But, with just one season of play between the WPLL and PLL, will the expertise to run a youth national team program exist within the current framework of either sponsoring league? I’m sure the players can come together to create a structure for coaching the players in the NTDP, but I’ll be interested to see if all of that financial backing coming into the PLL will support senior and junior play in the long term. After all, it took just one year for the original Women’s United Soccer Association to burn through $40 million.

There’s one part of the press release that requires unpacking:

With the International Olympic Committee granting provisional recognition to the Federation of International Lacrosse, this partnership lays the groundwork for who could represent the U.S. on the largest stage that the sport has ever seen.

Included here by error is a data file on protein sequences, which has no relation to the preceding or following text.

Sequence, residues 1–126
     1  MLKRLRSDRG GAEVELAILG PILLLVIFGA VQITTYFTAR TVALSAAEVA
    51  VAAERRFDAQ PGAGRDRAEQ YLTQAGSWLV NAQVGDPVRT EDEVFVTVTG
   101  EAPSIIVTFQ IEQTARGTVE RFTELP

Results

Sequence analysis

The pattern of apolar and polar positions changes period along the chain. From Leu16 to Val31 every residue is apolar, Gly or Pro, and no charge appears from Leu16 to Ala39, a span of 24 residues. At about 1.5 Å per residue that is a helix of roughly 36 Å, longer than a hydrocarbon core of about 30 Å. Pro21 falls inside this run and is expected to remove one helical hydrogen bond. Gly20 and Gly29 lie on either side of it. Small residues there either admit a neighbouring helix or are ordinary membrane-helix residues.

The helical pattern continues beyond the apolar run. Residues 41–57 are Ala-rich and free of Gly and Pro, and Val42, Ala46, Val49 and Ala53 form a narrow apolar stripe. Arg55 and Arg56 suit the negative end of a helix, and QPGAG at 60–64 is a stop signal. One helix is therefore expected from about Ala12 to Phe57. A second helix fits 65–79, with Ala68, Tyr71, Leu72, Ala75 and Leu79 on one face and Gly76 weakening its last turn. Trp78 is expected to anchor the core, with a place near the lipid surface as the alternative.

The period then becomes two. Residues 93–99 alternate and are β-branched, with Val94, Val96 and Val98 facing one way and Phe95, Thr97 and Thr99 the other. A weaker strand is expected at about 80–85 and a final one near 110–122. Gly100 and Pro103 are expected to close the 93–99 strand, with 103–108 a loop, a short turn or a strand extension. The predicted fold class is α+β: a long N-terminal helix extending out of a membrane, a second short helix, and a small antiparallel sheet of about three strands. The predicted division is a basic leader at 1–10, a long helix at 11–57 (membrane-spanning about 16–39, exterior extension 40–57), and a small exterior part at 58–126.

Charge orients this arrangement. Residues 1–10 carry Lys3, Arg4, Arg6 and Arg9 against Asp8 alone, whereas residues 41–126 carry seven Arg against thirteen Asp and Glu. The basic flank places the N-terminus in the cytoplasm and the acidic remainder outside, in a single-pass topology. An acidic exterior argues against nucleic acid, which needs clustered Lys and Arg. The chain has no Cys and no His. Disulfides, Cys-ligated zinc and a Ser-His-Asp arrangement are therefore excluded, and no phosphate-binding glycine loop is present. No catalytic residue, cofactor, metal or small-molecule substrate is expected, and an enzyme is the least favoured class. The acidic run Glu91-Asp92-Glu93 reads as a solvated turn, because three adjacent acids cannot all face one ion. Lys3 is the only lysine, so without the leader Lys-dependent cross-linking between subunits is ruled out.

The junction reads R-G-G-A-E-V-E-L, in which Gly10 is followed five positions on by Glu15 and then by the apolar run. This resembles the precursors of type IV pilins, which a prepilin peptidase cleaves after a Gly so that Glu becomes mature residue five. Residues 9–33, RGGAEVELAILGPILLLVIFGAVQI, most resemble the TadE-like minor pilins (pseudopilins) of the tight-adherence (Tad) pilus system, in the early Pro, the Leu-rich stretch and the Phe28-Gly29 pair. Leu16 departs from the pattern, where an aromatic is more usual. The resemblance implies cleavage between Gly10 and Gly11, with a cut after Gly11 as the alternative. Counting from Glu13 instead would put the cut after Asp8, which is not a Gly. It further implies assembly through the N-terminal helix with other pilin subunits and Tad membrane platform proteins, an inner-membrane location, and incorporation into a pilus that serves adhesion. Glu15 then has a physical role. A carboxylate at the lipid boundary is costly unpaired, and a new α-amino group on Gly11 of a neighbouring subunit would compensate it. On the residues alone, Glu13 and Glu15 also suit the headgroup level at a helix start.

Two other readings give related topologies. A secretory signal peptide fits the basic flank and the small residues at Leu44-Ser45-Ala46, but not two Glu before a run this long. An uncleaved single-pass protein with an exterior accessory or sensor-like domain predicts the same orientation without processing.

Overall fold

This tells me that U.S. Lacrosse is staking a lot of its capital — both dollars and political capital — on making lacrosse an Olympic sport. I think you’re going to see Olympic rules for any and all games within the PLL-WPLL-NTDP umbrella, which makes things especially interesting on the women’s side, where a lot of players will have to get used to the idea of filling a lineup with nine outfielders instead of 11.

Will it work?

All I know is that U.S. Lacrosse could have chosen to work with two organizations with 21 seasons’ worth of professional playing experience. And didn’t.

 

Feb. 9, 2019 — Making the adjustment

When the No. 2 women’s lacrosse team in the country makes a change in its home ground, it’s notable. And, frankly, worth an in-depth look as to why.

The University of Maryland opens its season today against George Mason in the cavernous confines of its football stadium. Capital One Field is carpeted with rubber-crumb infill, and the lacrosse goals are set 100 yards apart.

Compare that with Maryland’s usual home, The Lacrosse & Field Hockey Complex (yep, we call it that during the spring). It’s a bandbox of a field with the goals a mere 96 yards apart, and the competition surface is short-grain artificial turf.